Congenial Spirits: Klee and Noland

(left) Paul Klee, Young Moe, 1938. Colored paste on newspaper on burlap, 20 7/8 x 27 5/8 in. The Phillips Collection, Washington, D.C. Acquired 1948. (right) Kenneth Noland, In the Garden, 1952. Oil on hardboard, 19 1/2 x 30 in. The Phillips Collection, Washington, D.C. Acquired 1952.

I was dumbstruck when I first saw Paul Klee’s painting Young Moe (1938) up in the Klee Room. How had I never before recognized the apparent influence of this Klee in Kenneth Noland’s In the Garden (1952)?

As a Museum Assistant, I spend a lot of time looking at the art in various galleries, and Young Moe and In the Garden have both been consistently on display during my time at the Phillips. It seems the echos of Klee in Noland’s work are far from accidental–as a young artist in Washington, D.C., Noland spent a lot of time at The Phillips Collection and in the original Klee Room itself.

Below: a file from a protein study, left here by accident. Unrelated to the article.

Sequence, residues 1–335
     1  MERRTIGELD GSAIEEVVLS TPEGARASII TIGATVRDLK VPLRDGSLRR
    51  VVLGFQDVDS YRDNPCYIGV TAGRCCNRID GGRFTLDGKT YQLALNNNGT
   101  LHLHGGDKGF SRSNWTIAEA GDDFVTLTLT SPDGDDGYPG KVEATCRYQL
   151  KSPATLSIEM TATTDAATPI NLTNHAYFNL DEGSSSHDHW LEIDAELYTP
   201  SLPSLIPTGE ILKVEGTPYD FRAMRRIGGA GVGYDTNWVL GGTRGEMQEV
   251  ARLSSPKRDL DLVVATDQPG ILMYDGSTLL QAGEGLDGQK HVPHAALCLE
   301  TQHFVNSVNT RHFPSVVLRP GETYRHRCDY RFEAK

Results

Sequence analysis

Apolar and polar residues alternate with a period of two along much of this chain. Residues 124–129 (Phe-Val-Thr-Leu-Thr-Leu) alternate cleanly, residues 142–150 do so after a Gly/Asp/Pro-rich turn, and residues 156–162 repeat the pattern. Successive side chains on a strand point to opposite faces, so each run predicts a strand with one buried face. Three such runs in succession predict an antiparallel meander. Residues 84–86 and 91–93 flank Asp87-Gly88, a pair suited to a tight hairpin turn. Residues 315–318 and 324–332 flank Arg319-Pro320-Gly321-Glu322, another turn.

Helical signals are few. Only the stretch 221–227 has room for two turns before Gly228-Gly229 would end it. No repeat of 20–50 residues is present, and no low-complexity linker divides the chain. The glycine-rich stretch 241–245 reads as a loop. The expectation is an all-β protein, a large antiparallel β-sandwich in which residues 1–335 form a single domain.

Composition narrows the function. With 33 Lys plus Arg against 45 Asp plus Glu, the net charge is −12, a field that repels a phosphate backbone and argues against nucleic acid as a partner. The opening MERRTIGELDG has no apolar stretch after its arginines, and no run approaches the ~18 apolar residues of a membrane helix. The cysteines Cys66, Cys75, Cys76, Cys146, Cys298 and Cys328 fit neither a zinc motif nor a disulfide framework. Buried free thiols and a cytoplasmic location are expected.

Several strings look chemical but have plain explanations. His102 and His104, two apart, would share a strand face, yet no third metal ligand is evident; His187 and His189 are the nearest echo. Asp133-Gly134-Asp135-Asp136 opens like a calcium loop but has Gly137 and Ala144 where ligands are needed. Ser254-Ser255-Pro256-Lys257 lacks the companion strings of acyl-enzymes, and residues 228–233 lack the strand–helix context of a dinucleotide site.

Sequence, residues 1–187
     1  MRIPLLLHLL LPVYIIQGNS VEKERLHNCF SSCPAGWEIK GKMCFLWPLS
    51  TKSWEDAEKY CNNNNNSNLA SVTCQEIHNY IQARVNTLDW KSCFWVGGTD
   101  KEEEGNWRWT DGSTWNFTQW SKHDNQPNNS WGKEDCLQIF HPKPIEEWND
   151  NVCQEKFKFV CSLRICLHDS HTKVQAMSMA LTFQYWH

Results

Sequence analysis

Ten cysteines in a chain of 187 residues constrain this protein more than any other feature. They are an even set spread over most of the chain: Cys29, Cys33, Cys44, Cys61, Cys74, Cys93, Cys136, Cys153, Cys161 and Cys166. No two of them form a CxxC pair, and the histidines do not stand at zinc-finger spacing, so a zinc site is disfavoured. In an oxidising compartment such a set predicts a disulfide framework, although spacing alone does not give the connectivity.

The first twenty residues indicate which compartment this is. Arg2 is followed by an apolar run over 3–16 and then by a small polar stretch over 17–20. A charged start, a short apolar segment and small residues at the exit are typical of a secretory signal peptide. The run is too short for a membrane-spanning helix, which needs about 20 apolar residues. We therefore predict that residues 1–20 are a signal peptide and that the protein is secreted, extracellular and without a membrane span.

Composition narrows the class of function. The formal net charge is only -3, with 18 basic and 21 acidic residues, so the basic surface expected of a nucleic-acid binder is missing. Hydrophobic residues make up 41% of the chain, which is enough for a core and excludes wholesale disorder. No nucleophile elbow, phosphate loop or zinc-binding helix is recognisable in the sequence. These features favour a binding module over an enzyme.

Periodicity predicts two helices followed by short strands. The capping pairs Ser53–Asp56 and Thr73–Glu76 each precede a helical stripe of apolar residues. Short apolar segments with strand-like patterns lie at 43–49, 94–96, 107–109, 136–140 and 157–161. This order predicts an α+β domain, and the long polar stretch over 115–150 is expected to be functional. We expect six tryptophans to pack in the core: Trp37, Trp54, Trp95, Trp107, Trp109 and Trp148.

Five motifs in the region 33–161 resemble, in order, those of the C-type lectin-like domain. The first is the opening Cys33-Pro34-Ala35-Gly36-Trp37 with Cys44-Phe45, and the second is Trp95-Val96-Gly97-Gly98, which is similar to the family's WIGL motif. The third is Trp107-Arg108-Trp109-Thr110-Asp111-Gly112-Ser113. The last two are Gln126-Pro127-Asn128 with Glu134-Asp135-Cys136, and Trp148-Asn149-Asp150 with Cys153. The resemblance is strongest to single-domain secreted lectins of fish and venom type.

To make way for the upcoming Joseph Marioni installation, the Noland piece is currently taking a break from the museum walls. You can still find Young Moe in the Klee Room through the end of the year.

Have you noticed resonances between other works at the Phillips? Please post your observations as a comment here.

Piper Grosswendt, Museum Assistant/Marketing Intern

One thought on “Congenial Spirits: Klee and Noland

  1. When art is placed for it to evoke it should also be able to con verse and contrast with one another. Its a wonderful awakening when ones feels this happening.
    As one visits other museums one will understand the language and the subtleties or not so subtle languages. Always be open to feel the new experience.
    Letting it flow and do not force it. Thats the hardest to achieve when curating.

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